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> Croeso I Gymru, Mutations...and grammar!
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Siarls 
Posted: 24-May-2005, 06:41 AM
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USING YN AS A PREPOSITION

When you want to say in Cardiff[/], [i]in Wales etc., the yn causes a nasal mutation.

http://jade.ccccd.edu/grooms/trglmn.htm

It must also be noted, that yn itself also "mutates":
before NG/NGH = yng
before M/MH = ym

Therefore, in Cardiff[/b] becomes yng Nghaerdydd.

NOTE
There are a couple of notes to make. Firstly, this only happens when using [i]yn
as a preposition, not as a verb, adjective or adverb.

Secondly, we do not mutate place names that are not Welsh. For example, we would mutate a word like Rhufain ("Rome"), but only because it is a Welsh word. If there were no Welsh word for Rome, it would not be mutated.
Therefore, places like Tokyo, Moscow, Buenos Aires and California will not be mutated.
The yn will still mutate to ym before words beginning with M.

However, a few non-Welsh place names are selectively mutated, depending on the speaker. These do not have to be mutated, but sometimes are. Examples:
Canada, Paris, Mecsico and Brussels.


--------------------
Gwlad, gwlad, pleidiol wyf im gwlad
Tra mr yn fur
I'r bur hoff bau
O bydded ir heniaith barhau
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austaff 
Posted: 24-May-2005, 09:13 PM
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Thanks Siarls I have read all your pages in this thread I understand some of it however it is many years since I was in school and I must admit I am not up with tenses adjectives etc as grammar was not my strongest subject so I may seem rather slow.

With me I guess the best way and maybe the same for the rest is to show us where we have made the mistake when we make it when we write in welsh by re writing the sentence with the correct grammar and mutations that way we can see where we are going wrong and hopefully not make the same mistake again.

I think it is great that you take the time to help us with our welsh studies as we surely need a tutor to help with the welsh we are trying to learn via the web and its great to practice writing it here and to have you correct our grammar etc "so please dont leave until we are as fluent as yourself" smile.gif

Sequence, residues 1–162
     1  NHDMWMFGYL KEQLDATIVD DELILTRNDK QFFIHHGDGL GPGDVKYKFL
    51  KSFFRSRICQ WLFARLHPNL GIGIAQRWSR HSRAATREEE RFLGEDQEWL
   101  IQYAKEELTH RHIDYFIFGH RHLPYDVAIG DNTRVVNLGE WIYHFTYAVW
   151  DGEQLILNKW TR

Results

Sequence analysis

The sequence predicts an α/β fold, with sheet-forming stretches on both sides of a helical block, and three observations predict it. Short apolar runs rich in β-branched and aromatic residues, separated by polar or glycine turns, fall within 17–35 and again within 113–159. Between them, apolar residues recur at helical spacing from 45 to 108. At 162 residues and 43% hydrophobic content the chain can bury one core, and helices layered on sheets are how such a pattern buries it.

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A fo ben bid bont
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Siarls 
Posted: 27-May-2005, 12:55 PM
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I enjoy tutoring... I take great pleasure in doing so (although I get 25 an hour here in Wales wink.gif)

I am a bit worried about tutoring over the Internet however, because I speak and scribble notes on paper as I tutor to show what I mean. I study languages at degree level and absolutely adore grammar, so I think I can be quite intense - tell me tone down if I'm going out of normality and into complicated-ville!!!

By the way, Gwenynen, I did a lot of research on soft mutations and according to this list of rules I have:
Rule 25. Greetings. Example, fechgyn a merched / ferched a bechgyn.

I did not know this myself and as you can see - there are A LOT of rules when it comes to soft mutation (the others are relatively easy though). Going over it in my head, I would not mutate in this context, but it is clearly proper Welsh. Showing that even a native can learn!
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gwenynen 
Posted: 27-May-2005, 01:16 PM
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'Greetings' --- ! What a simple rule! I know what you mean; there are rules that even native speakers don't know and can't explain both in English and Japanese.

I hope you'll be as intense as you wish! I want to learn Welsh really well. I'll never be fluent as a native speaker, of course. But I want to become as reasonably fluent as possible. I'm so thankful you are in this forum!